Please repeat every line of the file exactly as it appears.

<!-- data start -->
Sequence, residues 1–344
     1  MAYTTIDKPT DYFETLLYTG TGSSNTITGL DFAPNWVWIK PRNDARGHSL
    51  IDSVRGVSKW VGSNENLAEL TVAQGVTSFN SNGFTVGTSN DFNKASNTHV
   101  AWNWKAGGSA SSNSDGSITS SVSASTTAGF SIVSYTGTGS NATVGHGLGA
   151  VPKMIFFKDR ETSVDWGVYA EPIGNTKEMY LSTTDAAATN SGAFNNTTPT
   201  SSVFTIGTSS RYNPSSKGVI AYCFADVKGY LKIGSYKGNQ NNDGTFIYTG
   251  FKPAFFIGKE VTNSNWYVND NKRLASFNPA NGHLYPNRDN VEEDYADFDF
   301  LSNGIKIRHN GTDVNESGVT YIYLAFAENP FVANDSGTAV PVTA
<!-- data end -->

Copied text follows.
Sequence, residues 1–344
     1  MAYTTIDKPT DYFETLLYTG TGSSNTITGL DFAPNWVWIK PRNDARGHSL
    51  IDSVRGVSKW VGSNENLAEL TVAQGVTSFN SNGFTVGTSN DFNKASNTHV
   101  AWNWKAGGSA SSNSDGSITS SVSASTTAGF SIVSYTGTGS NATVGHGLGA
   151  VPKMIFFKDR ETSVDWGVYA EPIGNTKEMY LSTTDAAATN SGAFNNTTPT
   201  SSVFTIGTSS RYNPSSKGVI AYCFADVKGY LKIGSYKGNQ NNDGTFIYTG
   251  FKPAFFIGKE VTNSNWYVND NKRLASFNPA NGHLYPNRDN VEEDYADFDF
   301  LSNGIKIRHN GTDVNESGVT YIYLAFAENP FVANDSGTAV PVTA